Building your own board for a specific Internet of Things project has many advantages. Well first, it means that you don’t end up with an ugly breadboard with wires going everywhere. This also adds a layer of safety and reliability to your project, as no wire can get disconnected during the use of the project. Finally, it means that in case your board is also interesting for other people, you already have a project that’s nearly ready for production & reselling.
However, building your own board for the Internet of Things can be tricky. And once it’s done, you are facing another issue: you need to find the right IoT platform that will support your project. In this article, we are going to see how the Particle Photon board can really help us solve these issues. Let’s start!
The Particle Photon is a development board developed by Particle, and it’s the perfect board for any IoT projects. Here is a picture of the board with headers assembled:
The board itself has several digital & analog I/Os, as well as an onboard WiFi chip and processor. But that’s not all: by default, the Photon board connects automatically to the Particle platform, which is an online cloud platform from which you can control your board. Therefore, you don’t have to find any cloud platform provider for the project: it’s all done for you automatically.
In this project, we are going to use the Photon board itself, but in the version that comes without the headers. With this version, we’ll be able to integrate it in a PCB design.
As an example, we are going to build a very simple sensor board based on the Photon: a board with a temperature & humidity sensor, and an ambient light sensor. You can see the details of the project & the configuration on the corresponding article on the Open Home Automation blog:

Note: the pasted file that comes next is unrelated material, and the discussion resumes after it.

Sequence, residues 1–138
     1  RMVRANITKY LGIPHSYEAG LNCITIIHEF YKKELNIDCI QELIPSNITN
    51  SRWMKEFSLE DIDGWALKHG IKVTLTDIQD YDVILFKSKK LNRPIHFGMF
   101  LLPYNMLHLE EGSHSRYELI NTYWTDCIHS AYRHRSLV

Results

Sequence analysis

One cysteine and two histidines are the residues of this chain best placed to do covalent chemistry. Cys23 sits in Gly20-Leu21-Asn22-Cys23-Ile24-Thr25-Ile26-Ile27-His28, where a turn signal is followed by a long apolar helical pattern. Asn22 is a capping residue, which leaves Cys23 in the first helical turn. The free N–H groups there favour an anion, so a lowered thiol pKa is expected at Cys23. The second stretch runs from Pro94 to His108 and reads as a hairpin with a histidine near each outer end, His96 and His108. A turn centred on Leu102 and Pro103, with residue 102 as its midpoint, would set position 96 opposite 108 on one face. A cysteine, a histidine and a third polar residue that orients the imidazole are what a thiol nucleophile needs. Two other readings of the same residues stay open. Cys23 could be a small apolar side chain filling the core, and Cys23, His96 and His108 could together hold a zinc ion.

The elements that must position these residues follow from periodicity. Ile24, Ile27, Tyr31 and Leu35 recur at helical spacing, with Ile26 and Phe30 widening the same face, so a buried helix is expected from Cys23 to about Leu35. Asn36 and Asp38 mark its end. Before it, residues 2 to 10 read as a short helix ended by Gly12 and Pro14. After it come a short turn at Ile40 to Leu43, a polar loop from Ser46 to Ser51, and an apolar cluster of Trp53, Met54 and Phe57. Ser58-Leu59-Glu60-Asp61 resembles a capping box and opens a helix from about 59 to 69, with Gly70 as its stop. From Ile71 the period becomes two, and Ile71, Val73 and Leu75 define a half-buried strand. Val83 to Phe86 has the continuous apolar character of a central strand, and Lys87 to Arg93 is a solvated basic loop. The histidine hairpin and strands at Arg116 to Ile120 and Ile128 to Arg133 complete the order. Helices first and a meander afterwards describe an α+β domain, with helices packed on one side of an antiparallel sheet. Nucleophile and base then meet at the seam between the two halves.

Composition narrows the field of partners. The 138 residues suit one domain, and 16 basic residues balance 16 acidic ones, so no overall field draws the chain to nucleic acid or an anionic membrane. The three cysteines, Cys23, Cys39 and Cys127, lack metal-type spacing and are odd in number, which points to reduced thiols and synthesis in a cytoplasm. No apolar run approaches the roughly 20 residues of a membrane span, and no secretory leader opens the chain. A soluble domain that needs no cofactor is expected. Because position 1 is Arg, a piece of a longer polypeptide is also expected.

We’ll also add a simple DC barrel connect and a voltage regulator so you can also power the board directly from a power source, without having your computer around.
This is the list of all the components that will be used in this project:
On the software side, you will need the latest version of the EAGLE software, that you can get from:
We’ll now move to the first step: designing the schematic of the board. You first need to get the Particle library from the official GitHub repository:
To get the library, simply grab all the repository, and then get the .lbr file from the libraries folder. Then, place this file into the lbr folder of your Eagle repository. After that, restart Eagle.
It’s now time to make the design of the schematic. As it’s a relatively simple project, I won’t put all the steps here. I basically started by placing the Photon (without headers) on the schematic, and then I placed all the other components, ending with the sensors. This is the final result:
We are now going to make the layout for the board. As it’s a very simple board that is there to illustrate the integration of the Photon board into a PCB design, I simply put all the components next to each other, without looking for the best optimisation of the available space.
After that, I changed the dimensions of the board, and then I routed the signals on the design. This is the final result:
Note that you can find all the design files on the GitHub repository of the project:
You can now actually build the board that we just designed. I recommend ordering the PCB from an online manufacturer, for example OSHPark. You can also find several articles on that topic on other articles of this blog.
Note that the article will be updated as soon as I receive the boards from production.
In this article, we built a simple Internet of Things board based on the Particle Photon. Because this sensor board is using the Photon, it will automatically connect to the Particle platform as soon as it’s plugged in & configured with your WiFi name & password.
There are many ways to improve this project. You can for example integrate more sensors on the board, and monitor all the data from the Particle cloud platform. You could also replace the Photon board by what’s called the P1 chip, which is simply the chip used on the Photon board (plus an antenna), but without all the electronics around. Using the P1 chip, you will have more challenges to build the board, but it will result in a more compact board at the end.